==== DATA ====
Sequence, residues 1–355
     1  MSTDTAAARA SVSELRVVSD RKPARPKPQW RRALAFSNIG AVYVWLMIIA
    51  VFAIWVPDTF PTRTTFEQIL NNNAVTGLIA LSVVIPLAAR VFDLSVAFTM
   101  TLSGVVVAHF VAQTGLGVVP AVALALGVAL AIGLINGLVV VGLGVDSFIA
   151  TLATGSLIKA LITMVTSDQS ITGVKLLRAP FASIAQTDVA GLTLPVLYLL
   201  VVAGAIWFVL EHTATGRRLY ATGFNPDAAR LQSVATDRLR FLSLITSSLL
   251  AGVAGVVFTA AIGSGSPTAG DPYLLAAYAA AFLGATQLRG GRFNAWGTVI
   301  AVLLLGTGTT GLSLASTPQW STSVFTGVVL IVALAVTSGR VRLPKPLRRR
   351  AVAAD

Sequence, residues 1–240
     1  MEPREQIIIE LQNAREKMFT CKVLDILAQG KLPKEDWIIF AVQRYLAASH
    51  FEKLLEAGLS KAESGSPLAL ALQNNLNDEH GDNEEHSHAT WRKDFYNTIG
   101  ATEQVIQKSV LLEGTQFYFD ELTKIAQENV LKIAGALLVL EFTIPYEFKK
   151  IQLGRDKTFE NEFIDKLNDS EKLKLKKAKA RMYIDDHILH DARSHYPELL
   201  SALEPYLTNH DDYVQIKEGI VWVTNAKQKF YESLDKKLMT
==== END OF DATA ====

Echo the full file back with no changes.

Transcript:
Sequence, residues 1–355
     1  MSTDTAAARA SVSELRVVSD RKPARPKPQW RRALAFSNIG AVYVWLMIIA
    51  VFAIWVPDTF PTRTTFEQIL NNNAVTGLIA LSVVIPLAAR VFDLSVAFTM
   101  TLSGVVVAHF VAQTGLGVVP AVALALGVAL AIGLINGLVV VGLGVDSFIA
   151  TLATGSLIKA LITMVTSDQS ITGVKLLRAP FASIAQTDVA GLTLPVLYLL
   201  VVAGAIWFVL EHTATGRRLY ATGFNPDAAR LQSVATDRLR FLSLITSSLL
   251  AGVAGVVFTA AIGSGSPTAG DPYLLAAYAA AFLGATQLRG GRFNAWGTVI
   301  AVLLLGTGTT GLSLASTPQW STSVFTGVVL IVALAVTSGR VRLPKPLRRR
   351  AVAAD

Sequence, residues 1–240
     1  MEPREQIIIE LQNAREKMFT CKVLDILAQG KLPKEDWIIF AVQRYLAASH
    51  FEKLLEAGLS KAESGSPLAL ALQNNLNDEH GDNEEHSHAT WRKDFYNTIG
   101  ATEQVIQKSV LLEGTQFYFD ELTKIAQENV LKIAGALLVL EFTIPYEFKK
   151  IQLGRDKTFE NEFIDKLNDS EKLKLKKAKA RMYIDDHILH DARSHYPELL
   201  SALEPYLTNH DDYVQIKEGI VWVTNAKQKF YESLDKKLMT